Question: Can you explain?
Answer: I’ll let the book and the Stu Ungar story speak for itself. Not to be falsely humble, but I do think any competent writer who had just a simple command of grammar and was able to gain access and do the same interviews I conducted probably could have told the story about as well, simply because the Ungar story is so incredible and unusual and probably will never be matched within this genre of subject matter. What I didn’t expect was so many people would know me mostly for being the co-author of that book when I’ve done far more work and spent many more years in gambling elsewhere on other projects. One of a Kind was a tiny fraction of so many experiences and amazing people I’ve worked with in my life. Years ago in an interview, poker journalist Remko Rinkema told me I was best known for One of a Kind. I was like — what? I’ve written 5,000 articles and 2,500 World Series of Poker tournament reports over two decades. How’s that possible? I guess, you can’t predict how people react to things, nor control what you’re known for.
Question: Many young players don’t know who Stu Ungar was. Why would you recommend they read “One of a Kind?”
Answer: I really have no interest in young poker players or the game of poker, anymore. I do not mean that rudely, nor am I dismissing the question. I don’t recommend they read anything particularly and even if I did, they wouldn’t listen to me. I’ve turned the page on that chapter.
Question: What did you think of the film that was released about his life in 2003?
Answer: There’s a lot of conflicting ways to look at High Roller: The Stu Ungar Story. That came out in 2003, I think it was, a few years before my book release and was done by film director Anthony W. Vidmer, whom I greatly respect and has since become a friend. I had very little to do with the actual film other than some consulting on a few things. That movie had no access to my research, other than what I shared. I prefer to not criticize another artist nor detract from their creative vision, but the film did not live up to the subject matter considering the material that was available to them. Perhaps this is just professional jealousy, and even envy on my part. I mean, to Vidmer’s credit, he actually did something remarkable. Considering how small the budget was for the entire movie, just $1 million I think — which is peanuts in Hollywood production numbers — plus the obvious limitations on filming a period piece parts of which take place in the 50s and 60s, and it’s really a pretty remarkable achievement to just get that film done in the first place. I’ve only watched it once, so maybe I should re-watch it again. High Roller has developed something of a mini-cult following, but then that’s because they’re so little otherwise available on Stu Unger. Anything about him is rare and precious, especially to people who want to know more. So, the answer is that I have mixed feelings.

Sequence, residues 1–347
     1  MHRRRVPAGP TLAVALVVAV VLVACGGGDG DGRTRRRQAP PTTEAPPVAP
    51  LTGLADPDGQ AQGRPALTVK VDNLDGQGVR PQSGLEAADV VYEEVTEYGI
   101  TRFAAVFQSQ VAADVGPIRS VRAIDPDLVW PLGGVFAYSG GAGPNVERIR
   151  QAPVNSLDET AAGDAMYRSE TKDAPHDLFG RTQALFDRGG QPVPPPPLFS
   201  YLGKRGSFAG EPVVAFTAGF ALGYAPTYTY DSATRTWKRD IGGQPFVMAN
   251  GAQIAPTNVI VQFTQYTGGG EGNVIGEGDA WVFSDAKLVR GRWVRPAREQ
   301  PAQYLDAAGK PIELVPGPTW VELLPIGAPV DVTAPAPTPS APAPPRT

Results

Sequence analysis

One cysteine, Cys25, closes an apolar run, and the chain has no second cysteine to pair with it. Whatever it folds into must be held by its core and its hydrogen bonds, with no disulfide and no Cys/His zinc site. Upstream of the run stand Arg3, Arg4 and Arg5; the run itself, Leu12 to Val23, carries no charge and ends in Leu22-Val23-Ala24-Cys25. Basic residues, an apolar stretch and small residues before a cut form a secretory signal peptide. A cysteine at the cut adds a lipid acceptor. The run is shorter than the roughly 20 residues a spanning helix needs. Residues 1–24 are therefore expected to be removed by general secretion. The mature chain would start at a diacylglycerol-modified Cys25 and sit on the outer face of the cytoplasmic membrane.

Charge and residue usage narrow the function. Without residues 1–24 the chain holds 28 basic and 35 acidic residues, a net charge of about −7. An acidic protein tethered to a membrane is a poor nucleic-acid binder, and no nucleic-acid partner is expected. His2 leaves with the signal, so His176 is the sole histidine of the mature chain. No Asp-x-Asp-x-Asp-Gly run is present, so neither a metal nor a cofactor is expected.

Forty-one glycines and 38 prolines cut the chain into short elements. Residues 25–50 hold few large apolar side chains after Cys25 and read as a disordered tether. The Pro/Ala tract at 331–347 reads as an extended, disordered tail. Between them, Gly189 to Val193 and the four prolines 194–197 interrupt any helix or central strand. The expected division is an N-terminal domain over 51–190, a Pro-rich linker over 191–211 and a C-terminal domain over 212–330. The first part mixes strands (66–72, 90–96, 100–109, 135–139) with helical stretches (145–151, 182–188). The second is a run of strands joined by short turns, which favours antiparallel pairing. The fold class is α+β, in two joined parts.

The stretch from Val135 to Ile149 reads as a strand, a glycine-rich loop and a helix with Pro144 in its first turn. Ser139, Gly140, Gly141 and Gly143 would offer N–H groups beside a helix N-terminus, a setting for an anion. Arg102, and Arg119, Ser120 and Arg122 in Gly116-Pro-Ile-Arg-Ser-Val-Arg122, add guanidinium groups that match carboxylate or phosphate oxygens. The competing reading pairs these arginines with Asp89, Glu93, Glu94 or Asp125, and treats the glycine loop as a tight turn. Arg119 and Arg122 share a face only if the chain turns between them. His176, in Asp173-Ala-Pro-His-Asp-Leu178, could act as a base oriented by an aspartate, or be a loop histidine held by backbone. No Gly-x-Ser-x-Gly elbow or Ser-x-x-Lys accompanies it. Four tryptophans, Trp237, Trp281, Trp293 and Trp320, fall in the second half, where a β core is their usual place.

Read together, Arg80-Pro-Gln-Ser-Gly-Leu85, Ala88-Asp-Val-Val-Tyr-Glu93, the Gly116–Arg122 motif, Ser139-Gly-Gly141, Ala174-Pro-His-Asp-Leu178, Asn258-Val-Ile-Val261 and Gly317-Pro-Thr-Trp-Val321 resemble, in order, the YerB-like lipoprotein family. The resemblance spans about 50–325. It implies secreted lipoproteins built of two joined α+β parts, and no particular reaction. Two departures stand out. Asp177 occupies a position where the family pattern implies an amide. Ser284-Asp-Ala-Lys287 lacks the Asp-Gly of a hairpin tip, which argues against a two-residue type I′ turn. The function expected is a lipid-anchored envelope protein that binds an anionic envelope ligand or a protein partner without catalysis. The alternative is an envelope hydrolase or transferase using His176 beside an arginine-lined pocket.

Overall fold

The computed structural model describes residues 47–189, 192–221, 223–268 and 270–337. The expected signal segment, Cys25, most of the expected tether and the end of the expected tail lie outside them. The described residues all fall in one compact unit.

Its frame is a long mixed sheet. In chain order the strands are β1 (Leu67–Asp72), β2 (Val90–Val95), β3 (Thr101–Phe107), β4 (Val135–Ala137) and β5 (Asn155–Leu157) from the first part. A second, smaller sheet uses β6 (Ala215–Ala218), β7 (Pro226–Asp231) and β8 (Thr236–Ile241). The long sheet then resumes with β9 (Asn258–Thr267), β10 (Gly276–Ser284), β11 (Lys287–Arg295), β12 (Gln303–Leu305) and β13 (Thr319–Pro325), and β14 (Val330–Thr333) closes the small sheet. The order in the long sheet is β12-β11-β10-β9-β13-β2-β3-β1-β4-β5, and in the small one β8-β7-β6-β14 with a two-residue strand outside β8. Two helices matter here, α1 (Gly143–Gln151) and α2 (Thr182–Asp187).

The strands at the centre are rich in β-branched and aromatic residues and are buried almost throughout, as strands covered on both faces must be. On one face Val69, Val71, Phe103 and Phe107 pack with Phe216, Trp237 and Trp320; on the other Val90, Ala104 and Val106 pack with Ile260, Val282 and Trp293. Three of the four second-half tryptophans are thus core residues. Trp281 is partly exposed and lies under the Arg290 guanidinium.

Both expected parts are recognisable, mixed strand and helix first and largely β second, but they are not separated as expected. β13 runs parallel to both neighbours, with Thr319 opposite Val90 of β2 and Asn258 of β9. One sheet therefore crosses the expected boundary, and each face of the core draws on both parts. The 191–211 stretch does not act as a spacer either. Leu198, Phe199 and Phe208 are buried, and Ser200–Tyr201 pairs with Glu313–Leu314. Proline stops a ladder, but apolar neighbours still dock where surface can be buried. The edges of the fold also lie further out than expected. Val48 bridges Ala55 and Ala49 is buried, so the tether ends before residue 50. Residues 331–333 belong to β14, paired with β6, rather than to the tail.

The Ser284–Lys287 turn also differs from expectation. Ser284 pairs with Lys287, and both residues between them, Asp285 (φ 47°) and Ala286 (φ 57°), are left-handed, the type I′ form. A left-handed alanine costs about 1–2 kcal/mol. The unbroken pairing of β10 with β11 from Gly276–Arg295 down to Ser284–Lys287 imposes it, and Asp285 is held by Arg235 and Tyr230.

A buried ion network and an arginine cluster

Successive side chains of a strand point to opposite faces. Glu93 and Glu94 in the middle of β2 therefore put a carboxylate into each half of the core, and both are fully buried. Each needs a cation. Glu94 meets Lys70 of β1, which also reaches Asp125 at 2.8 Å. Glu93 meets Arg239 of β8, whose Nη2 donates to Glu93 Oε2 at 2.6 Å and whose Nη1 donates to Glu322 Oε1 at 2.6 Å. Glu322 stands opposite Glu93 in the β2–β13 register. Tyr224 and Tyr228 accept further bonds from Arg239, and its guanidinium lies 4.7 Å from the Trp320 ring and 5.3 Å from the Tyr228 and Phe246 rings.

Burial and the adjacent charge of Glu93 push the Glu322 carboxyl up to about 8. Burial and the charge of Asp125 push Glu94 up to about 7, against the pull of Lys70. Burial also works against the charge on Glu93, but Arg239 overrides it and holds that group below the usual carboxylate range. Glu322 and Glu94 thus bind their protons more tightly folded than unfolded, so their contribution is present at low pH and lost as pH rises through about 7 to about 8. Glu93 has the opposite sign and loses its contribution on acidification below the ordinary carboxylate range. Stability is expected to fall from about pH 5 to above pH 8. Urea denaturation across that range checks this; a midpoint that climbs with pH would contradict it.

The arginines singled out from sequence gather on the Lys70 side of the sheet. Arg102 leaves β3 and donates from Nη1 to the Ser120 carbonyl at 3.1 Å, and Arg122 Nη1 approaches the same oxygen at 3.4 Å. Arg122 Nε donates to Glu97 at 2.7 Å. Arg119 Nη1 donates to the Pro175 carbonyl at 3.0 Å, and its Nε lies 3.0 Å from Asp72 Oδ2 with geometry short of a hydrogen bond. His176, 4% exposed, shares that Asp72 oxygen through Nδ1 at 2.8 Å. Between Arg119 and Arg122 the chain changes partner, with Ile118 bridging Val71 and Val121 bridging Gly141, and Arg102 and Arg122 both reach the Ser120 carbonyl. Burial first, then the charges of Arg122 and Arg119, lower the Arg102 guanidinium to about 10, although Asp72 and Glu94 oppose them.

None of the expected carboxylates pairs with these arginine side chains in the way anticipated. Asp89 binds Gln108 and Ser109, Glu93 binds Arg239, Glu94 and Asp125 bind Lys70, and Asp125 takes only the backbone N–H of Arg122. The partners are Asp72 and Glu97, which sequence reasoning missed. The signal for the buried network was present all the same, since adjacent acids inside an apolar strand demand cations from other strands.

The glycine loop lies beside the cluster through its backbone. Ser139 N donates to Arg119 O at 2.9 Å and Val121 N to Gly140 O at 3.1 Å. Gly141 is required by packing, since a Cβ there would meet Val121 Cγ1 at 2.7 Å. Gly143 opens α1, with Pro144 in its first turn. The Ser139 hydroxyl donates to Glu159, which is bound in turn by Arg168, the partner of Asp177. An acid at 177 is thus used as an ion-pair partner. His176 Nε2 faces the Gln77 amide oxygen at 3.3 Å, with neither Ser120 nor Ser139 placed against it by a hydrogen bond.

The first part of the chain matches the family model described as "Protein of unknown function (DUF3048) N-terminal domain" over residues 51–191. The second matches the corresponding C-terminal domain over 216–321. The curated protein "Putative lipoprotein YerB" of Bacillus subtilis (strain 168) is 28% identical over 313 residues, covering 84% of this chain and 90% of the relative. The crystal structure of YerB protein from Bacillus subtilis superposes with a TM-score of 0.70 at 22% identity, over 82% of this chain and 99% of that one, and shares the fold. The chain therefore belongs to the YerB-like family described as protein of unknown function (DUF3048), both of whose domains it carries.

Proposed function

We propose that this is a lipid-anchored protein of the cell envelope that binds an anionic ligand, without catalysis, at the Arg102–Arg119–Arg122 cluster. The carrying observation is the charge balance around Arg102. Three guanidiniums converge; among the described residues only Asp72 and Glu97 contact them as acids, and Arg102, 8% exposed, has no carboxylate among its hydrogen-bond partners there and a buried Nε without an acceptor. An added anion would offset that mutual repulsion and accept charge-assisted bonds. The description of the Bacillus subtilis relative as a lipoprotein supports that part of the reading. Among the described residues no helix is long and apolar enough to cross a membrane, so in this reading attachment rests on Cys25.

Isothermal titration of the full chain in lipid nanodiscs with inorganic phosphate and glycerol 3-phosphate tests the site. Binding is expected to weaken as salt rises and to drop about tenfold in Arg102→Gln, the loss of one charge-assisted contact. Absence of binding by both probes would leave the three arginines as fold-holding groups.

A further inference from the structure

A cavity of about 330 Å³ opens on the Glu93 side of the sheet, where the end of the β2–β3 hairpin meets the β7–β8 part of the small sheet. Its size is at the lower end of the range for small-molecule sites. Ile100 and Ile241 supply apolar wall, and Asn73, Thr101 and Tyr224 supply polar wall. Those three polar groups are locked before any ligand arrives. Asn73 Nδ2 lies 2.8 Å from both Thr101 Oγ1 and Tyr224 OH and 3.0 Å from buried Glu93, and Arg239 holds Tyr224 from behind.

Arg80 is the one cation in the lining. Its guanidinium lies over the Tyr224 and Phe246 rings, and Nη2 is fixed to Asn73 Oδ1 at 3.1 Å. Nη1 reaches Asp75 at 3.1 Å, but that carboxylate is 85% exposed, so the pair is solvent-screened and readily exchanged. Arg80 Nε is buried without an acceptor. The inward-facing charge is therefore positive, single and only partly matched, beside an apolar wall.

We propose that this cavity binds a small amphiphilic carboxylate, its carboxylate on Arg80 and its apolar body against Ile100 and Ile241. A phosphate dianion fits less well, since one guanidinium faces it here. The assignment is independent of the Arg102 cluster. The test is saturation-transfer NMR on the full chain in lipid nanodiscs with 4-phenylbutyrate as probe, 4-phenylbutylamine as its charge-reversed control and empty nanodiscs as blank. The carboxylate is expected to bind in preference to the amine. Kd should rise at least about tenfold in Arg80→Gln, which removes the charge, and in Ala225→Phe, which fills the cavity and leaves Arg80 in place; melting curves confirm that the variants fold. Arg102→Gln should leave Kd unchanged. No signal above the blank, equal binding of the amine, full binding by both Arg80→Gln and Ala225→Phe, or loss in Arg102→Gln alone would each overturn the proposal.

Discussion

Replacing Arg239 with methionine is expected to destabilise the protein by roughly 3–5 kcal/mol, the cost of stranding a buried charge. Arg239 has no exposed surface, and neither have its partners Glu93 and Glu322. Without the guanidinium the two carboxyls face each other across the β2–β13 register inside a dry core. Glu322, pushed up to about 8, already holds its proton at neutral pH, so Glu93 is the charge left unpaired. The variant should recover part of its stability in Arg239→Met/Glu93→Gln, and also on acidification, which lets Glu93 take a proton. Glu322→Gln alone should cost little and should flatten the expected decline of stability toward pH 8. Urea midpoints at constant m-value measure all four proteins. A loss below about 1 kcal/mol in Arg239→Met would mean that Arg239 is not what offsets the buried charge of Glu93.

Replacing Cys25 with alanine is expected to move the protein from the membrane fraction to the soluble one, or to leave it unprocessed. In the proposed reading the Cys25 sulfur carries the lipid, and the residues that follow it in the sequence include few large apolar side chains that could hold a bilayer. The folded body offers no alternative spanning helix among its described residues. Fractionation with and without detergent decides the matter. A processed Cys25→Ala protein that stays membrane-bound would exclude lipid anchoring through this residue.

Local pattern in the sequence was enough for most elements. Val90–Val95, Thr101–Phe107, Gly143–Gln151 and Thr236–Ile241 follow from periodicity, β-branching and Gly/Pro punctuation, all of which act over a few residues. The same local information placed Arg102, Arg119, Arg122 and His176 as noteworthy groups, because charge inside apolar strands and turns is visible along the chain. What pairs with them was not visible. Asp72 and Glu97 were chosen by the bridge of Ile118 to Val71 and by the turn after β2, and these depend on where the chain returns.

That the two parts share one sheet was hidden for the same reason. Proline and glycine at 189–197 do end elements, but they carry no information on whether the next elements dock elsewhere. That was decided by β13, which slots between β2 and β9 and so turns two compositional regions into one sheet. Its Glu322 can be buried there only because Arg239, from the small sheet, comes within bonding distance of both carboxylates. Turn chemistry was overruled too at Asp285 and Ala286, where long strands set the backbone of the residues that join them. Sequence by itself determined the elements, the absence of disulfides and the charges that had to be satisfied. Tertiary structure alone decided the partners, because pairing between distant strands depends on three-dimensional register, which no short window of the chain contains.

Question: What poker player or character would you like to read their biography that hasn’t been written yet?
Answer: I can’t think of one. Maybe mine, if I could write and tell the truth about all the things I’ve witnessed and people I’ve met.
Note: Special thanks again to writer Santiago García Mansilla, for the interview and the special feature.
More Info: Watch the ESPN-production, “One of a Kind,” based on the book — CLICK HERE.